Because everything else is exclusionary, including Chrismahanakwanzasolstiyulmanay which also has too many syllables.
WHOC stands for Winter Holiday(ies) Of Choice. I think I'm one of the people who coined it, circa 1997. It was a joint venture, at any rate. And I'm trying to get it to stick because I think it solves a lot of problems. It solves the problems of people who celebrate one or more Winter Holidays that may or may not be the most common or expected ones. It solves the problems of those who celebrate one Winter Holiday but associate with those who celebrate a different one. It solves the problem of not knowing what Winter Holiday another person celebrates, and so not wanting to say the wrong thing. The only real problem I see remaining unsolved is that of people who celebrate no Winter Holidays at all and I'm open to suggestions on this one. This isn't a problem I've personally encountered.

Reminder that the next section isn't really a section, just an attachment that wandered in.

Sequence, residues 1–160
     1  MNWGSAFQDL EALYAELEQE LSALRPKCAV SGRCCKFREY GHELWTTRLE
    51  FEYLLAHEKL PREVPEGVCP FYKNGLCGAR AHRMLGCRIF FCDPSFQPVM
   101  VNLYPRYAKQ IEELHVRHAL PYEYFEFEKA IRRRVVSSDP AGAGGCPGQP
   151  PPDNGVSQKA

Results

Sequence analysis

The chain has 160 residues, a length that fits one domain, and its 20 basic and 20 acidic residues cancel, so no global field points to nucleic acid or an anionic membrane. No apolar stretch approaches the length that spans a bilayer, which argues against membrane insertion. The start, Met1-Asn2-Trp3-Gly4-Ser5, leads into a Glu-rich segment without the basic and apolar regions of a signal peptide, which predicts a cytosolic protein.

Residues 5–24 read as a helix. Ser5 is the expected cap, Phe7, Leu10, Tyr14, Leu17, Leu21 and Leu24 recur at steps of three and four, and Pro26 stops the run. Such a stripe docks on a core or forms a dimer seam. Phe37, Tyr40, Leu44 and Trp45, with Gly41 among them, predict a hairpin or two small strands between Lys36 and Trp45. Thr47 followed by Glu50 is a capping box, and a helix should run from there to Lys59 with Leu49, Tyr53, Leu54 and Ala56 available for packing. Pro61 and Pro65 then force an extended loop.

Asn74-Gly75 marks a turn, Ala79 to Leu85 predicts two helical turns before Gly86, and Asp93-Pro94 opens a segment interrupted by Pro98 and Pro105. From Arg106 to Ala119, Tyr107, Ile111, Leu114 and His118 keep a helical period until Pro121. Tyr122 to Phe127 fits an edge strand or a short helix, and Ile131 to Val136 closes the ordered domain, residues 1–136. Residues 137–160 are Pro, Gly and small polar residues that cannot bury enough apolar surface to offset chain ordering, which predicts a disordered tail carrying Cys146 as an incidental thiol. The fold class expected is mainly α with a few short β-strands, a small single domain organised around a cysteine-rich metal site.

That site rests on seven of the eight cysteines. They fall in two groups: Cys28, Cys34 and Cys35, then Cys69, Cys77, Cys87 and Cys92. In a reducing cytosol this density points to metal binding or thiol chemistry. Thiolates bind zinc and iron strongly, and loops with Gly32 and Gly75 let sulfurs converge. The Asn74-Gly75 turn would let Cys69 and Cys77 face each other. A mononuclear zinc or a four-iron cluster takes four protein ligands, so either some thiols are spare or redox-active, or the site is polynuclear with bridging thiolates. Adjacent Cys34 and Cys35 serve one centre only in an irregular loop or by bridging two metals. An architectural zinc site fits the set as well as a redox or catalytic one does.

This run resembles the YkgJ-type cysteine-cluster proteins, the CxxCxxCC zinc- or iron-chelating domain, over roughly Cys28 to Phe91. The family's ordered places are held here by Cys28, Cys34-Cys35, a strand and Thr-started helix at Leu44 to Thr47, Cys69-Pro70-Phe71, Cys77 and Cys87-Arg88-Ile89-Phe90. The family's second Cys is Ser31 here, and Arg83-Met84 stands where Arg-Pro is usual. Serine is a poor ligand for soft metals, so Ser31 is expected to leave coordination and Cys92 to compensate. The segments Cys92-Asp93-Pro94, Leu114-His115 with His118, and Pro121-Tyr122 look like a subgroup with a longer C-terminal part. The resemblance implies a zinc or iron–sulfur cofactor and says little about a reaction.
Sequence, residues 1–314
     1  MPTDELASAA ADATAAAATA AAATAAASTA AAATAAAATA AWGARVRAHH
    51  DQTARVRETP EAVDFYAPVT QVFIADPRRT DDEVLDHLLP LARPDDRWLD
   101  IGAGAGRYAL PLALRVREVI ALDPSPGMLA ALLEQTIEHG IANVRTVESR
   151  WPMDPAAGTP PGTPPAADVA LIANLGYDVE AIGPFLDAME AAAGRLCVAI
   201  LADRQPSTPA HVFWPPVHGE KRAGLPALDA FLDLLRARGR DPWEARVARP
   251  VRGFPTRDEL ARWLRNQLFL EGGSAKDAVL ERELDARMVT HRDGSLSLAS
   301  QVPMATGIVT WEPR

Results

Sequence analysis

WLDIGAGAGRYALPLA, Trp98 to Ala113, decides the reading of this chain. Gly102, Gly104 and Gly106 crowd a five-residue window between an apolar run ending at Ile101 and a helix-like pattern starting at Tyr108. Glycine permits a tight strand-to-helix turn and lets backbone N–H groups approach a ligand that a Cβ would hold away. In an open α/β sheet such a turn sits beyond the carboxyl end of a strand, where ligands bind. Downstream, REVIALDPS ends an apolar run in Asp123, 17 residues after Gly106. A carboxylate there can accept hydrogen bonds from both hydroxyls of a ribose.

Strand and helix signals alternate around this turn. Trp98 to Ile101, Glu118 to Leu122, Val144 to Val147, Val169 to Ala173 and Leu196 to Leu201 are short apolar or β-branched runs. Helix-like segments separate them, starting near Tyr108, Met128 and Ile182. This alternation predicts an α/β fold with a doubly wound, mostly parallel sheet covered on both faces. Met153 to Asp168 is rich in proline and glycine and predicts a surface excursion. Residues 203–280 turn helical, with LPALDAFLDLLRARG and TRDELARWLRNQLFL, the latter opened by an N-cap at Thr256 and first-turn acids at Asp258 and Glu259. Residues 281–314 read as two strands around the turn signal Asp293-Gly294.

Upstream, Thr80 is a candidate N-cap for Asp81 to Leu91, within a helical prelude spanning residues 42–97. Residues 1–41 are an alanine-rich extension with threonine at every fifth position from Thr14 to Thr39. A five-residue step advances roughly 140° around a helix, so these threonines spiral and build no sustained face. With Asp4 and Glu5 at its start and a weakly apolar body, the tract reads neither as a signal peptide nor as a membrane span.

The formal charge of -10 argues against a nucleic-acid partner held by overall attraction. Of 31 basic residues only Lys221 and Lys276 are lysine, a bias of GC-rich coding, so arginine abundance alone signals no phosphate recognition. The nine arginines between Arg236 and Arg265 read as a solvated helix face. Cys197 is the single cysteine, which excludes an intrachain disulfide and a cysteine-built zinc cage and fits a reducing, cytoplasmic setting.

WHOC encompasses the Winter Holiday Season, which runs at least from the day after Thanksgiving (US) through Twelfth Night, and I'm considering an extension through Chinese New Year and/or Imbolc/Candlemas/Groundhog's Day. I could also be persuaded to start it early enough to include Diwali
WHOC-friendly greetings include "Happy Holidays" or "Happy Winter Holiday." Gifts can be given labeled "Happy WHOC." One can say "I'm going WHOC shopping" or just "Winter Holiday Shopping." Time off from school is for Winter Holiday Break or just Winter Break. We call the others Fall, Spring and Summer Break, after all. Greetings like "Merry Christmas" can and often should be given to those who are known to celebrate Christmas. Similarly, "Happy Hanakuah," "Happy Solstice" and "Happy New Year." I guess my point is that one should either know someone well enough to know her/his WHOC, or just give the generic greeting or gift.
For the record, my WHOC is Hogmanay.
Less important is what it ( isn't, and why. )
Happy WHOC, whatever you C!